“Bite-Size Bits of Local, National, and Global History”
“Bite-Size Bits of Local, National, and Global History”
Near Aurora, Western Cape, South Africa

Arc of the Meridian

Description of the Arc of the Meridian Marker image. Click for full size.
By Tom de Roo, April 27, 2010
1. Description of the Arc of the Meridian Marker
Inscription. Click to hear the inscription.  This is the site of the Maclear beacon positioned in 1838 Near the original North terminal of the Arc of Meridian positioned by Abbe de la Caille, the first surveyor to introduce Geodetic Surveying into South Africa. (Marker Number B.S 1838.)
Location. 32° 41.901′ S, 18° 28.72′ E. Marker is near Aurora, Western Cape. Marker is on Pastorie Street, on the left when traveling north. Touch for map. Marker is in this post office area: Aurora, Western Cape 7325, South Africa.
Regarding Arc of the Meridian.
Abbé Nicolas Louis de la Caille was born in France in 1713. He was sent to South Africa in 1751 to determine the shape of the earth. The English scientists of the day believed the earth was flat at the poles, while the French believed it was oblong. On account of his work in France he was sent to the Cape to prove the theory of the French.

While at the Cape he measured the distance from earth to Mars (and arrived at the value 131 500 000 km). He had to measure the arc of meridian to establish the shape of the earth and determine the exact longitude
Arc of the Meridian Marker image. Click for full size.
By Tom de Roo, April 27, 2010
2. Arc of the Meridian Marker
of Cape Town – this he did by observations of the satellites of Jupiter. He also charted the positions of nearly 10 000 stars in the southern hemisphere and gave names to constellations.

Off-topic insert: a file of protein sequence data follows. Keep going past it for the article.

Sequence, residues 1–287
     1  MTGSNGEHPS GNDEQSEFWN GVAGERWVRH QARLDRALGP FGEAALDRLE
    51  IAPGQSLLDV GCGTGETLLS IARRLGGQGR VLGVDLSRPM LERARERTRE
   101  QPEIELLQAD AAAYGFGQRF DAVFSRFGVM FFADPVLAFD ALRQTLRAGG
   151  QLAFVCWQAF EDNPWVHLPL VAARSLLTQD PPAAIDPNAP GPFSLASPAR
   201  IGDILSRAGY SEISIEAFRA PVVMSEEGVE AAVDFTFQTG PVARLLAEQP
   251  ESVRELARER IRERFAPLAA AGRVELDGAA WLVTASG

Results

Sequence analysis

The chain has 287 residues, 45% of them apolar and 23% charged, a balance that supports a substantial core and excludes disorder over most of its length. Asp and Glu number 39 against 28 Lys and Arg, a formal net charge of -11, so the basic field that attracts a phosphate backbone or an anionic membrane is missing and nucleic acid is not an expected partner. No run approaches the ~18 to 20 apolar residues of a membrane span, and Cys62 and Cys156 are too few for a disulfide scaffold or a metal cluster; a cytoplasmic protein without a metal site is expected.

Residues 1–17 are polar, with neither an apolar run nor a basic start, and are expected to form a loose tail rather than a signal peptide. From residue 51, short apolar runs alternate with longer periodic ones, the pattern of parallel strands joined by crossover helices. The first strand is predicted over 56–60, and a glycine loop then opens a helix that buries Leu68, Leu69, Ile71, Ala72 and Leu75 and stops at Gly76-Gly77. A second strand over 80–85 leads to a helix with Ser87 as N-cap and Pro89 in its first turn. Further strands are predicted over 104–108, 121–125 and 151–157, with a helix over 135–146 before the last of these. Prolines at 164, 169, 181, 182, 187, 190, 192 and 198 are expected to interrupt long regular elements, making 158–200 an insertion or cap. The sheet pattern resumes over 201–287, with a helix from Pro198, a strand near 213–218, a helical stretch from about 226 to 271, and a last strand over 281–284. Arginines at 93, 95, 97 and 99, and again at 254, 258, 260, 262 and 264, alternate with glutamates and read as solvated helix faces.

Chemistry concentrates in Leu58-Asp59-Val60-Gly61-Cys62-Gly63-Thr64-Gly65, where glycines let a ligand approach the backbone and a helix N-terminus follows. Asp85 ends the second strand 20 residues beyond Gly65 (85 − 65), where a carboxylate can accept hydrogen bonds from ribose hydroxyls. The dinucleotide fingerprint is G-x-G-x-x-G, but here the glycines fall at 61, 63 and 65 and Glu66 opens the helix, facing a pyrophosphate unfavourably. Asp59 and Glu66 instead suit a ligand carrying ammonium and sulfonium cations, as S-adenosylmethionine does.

The Arc of Meridian

“The Arc of the Meridian is an imaginary line on the meridian (runs true North - South), drawn anywhere on earth. The Scientific value of such a line is that, if the line is long enough (at least 70 km (43.4 mile)) and surveyed with great accuracy, then the curvature of the earth can be measured. Add to that principle the accurate measurement of the latitudes (how far north or south you are from the equator) at the two far ends of the line, and you measure the distance of the line by independent means to the physical measurement. This gives you an extra value to test measurement against. In other words: you can measure the curvature of the Earth, and more than that, the size and shape of the Earth.” (Copied with gratitude from:

The Work of La Caille

The Northern point for his measurements of the arc of meridian that he selected was Klipfontein, a farm in the mountains north of Piquetberg. His fundamental baseline, which was eight miles long [12.8km], was measured on the Darling Flats, using wooden rods. On this base, by observations of angles, he built a series of triangles connecting his Strand Street observatory to Capocberg, not far from Darling, Riebeek Kasteel and Klipfontein. The true distance between Klipfontein and Strand Street (the north and south stations) could now be established by calculation. La Caille then made astronomical observations to fix the latitude difference between the two stations. He came to the conclusion that the earth was PEARSHAPED – the southern hemisphere being the fatter part of the pear. His calculations proved to be wrong due to a 10 cm error on the tape that he used in his measurements. He was proven wrong in 1838 by the astronomer Maclear – his conclusion: the earth is round! Read more on the website:
Categories. Science & Medicine
Credits. This page was last revised on June 16, 2016. This page originally submitted on March 5, 2013, by Tom de Roo of Cape Town, South Africa. This page has been viewed 523 times since then and 25 times this year. Photos:   1, 2. submitted on March 5, 2013, by Tom de Roo of Cape Town, South Africa. • Bill Pfingsten was the editor who published this page.
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